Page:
Desmond Swayne – 2020 Speech on the United Kingdom Internal Market Bill

The speech made by Desmond Swayne, the Conservative MP for New Forest West, in the House of Commons on 14 September 2020.

The Prime Minister has warned us that a threat has been made to interpret the agreement in such a way as to exclude the possibility of the people of Northern Ireland having access to goods from the rest of the United Kingdom—a threat that clearly shows that those who have made it have abandoned any notion of their binding obligation to negotiate in good faith and make best endeavours to secure an agreement. The Government would be utterly negligent if they were not to take precautions to prevent that from arising; it would be outrageous.

The Chairman of the Justice Committee, my hon. Friend the Member for Bromley and Chislehurst (Sir Robert Neill), has said that the powers that the Government envisage arming themselves with should be used in only the most extreme circumstances. I put it to you, Madam Deputy ​Speaker, that breaking up the economic integrity of the United Kingdom is just such a circumstance. This Bill is a precaution. It is a deterrent. The best way to prevent ourselves from being in the position of needing these powers is to arm ourselves with them.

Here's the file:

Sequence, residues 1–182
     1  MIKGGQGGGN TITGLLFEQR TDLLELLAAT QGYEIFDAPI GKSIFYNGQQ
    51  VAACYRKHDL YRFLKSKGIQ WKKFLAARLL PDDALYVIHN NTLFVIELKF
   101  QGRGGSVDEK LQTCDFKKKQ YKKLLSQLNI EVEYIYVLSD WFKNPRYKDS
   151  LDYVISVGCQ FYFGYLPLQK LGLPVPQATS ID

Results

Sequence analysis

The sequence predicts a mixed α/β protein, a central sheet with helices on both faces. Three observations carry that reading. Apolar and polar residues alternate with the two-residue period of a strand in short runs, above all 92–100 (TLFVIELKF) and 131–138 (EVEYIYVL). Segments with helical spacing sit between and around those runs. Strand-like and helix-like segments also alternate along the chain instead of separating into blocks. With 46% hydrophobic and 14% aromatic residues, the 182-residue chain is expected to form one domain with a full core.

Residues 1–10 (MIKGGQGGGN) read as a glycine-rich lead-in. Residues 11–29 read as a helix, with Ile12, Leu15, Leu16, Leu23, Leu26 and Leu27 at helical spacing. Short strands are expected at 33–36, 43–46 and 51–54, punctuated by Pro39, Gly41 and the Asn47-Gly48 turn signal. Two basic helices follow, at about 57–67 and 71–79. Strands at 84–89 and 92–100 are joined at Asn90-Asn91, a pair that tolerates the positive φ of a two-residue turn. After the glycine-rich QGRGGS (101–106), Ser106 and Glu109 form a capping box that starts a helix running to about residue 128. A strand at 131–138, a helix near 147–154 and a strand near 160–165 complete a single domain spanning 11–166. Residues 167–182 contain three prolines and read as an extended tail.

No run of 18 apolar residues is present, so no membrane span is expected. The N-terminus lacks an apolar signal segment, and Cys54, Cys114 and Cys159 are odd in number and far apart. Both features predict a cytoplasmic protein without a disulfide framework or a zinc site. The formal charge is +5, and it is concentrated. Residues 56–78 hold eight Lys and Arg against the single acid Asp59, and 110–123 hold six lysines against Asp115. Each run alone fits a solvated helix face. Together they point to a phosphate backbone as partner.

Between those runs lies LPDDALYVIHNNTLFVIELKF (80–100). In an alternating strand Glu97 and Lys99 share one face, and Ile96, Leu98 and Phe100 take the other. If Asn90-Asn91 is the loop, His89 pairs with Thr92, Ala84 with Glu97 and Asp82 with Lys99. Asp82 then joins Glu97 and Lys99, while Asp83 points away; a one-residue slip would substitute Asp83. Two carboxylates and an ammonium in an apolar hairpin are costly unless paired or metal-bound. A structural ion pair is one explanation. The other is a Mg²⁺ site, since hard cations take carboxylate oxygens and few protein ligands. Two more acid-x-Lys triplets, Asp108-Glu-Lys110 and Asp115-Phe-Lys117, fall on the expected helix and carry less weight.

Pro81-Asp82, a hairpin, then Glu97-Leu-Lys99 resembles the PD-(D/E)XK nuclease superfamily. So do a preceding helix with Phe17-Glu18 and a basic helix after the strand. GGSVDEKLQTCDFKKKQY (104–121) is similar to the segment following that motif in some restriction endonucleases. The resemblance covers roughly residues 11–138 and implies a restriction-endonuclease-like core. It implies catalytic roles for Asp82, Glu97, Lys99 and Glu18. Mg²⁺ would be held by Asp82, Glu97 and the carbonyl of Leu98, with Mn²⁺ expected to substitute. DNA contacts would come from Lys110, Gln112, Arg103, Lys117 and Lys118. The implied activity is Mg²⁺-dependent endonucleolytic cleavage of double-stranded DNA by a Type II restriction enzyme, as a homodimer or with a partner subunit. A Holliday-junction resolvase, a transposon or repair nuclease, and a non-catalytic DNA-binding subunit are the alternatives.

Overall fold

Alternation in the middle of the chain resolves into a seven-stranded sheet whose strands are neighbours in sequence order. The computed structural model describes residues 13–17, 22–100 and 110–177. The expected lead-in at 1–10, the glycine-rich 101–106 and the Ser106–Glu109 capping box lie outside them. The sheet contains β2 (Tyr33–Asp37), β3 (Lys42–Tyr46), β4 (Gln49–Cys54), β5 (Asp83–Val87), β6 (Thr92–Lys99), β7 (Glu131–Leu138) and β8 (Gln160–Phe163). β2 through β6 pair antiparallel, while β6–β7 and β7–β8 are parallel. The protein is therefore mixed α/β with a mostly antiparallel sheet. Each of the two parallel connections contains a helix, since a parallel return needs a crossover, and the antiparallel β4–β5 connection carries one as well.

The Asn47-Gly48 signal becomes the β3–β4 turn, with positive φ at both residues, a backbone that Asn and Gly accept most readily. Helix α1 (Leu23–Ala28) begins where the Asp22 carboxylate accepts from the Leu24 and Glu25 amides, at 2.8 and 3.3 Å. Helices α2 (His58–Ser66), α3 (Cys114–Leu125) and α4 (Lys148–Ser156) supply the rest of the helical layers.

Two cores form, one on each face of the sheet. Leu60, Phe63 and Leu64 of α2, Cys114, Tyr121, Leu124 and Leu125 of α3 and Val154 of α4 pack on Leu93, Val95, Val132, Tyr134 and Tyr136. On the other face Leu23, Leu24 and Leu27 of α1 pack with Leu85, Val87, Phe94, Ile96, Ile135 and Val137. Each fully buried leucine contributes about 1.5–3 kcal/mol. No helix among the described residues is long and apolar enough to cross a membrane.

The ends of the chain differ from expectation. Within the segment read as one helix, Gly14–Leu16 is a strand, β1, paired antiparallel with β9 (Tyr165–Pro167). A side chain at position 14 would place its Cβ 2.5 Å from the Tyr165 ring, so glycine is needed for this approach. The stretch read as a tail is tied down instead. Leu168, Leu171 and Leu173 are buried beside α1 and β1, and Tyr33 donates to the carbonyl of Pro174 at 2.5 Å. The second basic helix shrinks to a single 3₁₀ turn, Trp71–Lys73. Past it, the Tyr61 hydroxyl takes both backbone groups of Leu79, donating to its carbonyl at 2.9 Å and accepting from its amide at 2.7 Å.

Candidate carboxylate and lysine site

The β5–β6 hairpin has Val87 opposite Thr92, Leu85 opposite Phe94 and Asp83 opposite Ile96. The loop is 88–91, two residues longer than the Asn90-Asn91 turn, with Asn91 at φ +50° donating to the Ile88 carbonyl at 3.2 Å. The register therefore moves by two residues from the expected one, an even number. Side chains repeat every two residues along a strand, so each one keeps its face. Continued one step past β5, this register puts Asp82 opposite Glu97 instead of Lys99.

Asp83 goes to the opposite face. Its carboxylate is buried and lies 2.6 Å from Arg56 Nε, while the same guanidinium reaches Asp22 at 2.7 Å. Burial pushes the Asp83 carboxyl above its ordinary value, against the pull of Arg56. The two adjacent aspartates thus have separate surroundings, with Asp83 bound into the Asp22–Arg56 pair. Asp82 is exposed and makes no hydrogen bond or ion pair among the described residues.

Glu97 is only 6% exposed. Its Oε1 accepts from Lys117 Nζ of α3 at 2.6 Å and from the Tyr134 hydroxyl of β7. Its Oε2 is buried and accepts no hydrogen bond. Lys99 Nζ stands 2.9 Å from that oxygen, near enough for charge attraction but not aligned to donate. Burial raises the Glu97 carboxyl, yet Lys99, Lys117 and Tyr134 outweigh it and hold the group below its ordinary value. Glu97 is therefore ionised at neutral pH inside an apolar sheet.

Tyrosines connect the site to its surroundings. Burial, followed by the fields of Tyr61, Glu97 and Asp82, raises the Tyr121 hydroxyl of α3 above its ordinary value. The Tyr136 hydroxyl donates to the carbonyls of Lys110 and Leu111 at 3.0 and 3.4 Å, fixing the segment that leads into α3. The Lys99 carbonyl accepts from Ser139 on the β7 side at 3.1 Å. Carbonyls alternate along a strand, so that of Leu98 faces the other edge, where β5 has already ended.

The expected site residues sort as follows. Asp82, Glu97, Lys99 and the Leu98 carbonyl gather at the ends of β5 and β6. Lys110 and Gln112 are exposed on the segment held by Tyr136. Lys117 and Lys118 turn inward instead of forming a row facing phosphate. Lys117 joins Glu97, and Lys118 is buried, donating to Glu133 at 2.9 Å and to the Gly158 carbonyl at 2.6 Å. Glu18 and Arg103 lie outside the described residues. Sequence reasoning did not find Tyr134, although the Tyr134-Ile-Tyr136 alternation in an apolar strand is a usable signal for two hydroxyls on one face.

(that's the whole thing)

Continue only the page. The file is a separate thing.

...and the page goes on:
There is a principle in international law, which is that no country can be bound by an obligation that it made when that obligation is interpreted in such a way as to undermine the very integrity of that country. That is a principle of international law, and there is only one court that can arbitrate in those circumstances. That is the court of international opinion, and the world can see exactly what is going on. The world has had its own dealings with the European Union and its negotiations. It has seen its infractions of the World Trade Organisation. It has seen what it has done over the European convention on human rights, and it knows what is going on.

There are those who have said that there is somehow a comparison to be made between the powers that we envisage in this Bill and what China is doing in Hong Kong. That is such a grotesque comparison as to undermine any argument that they might have.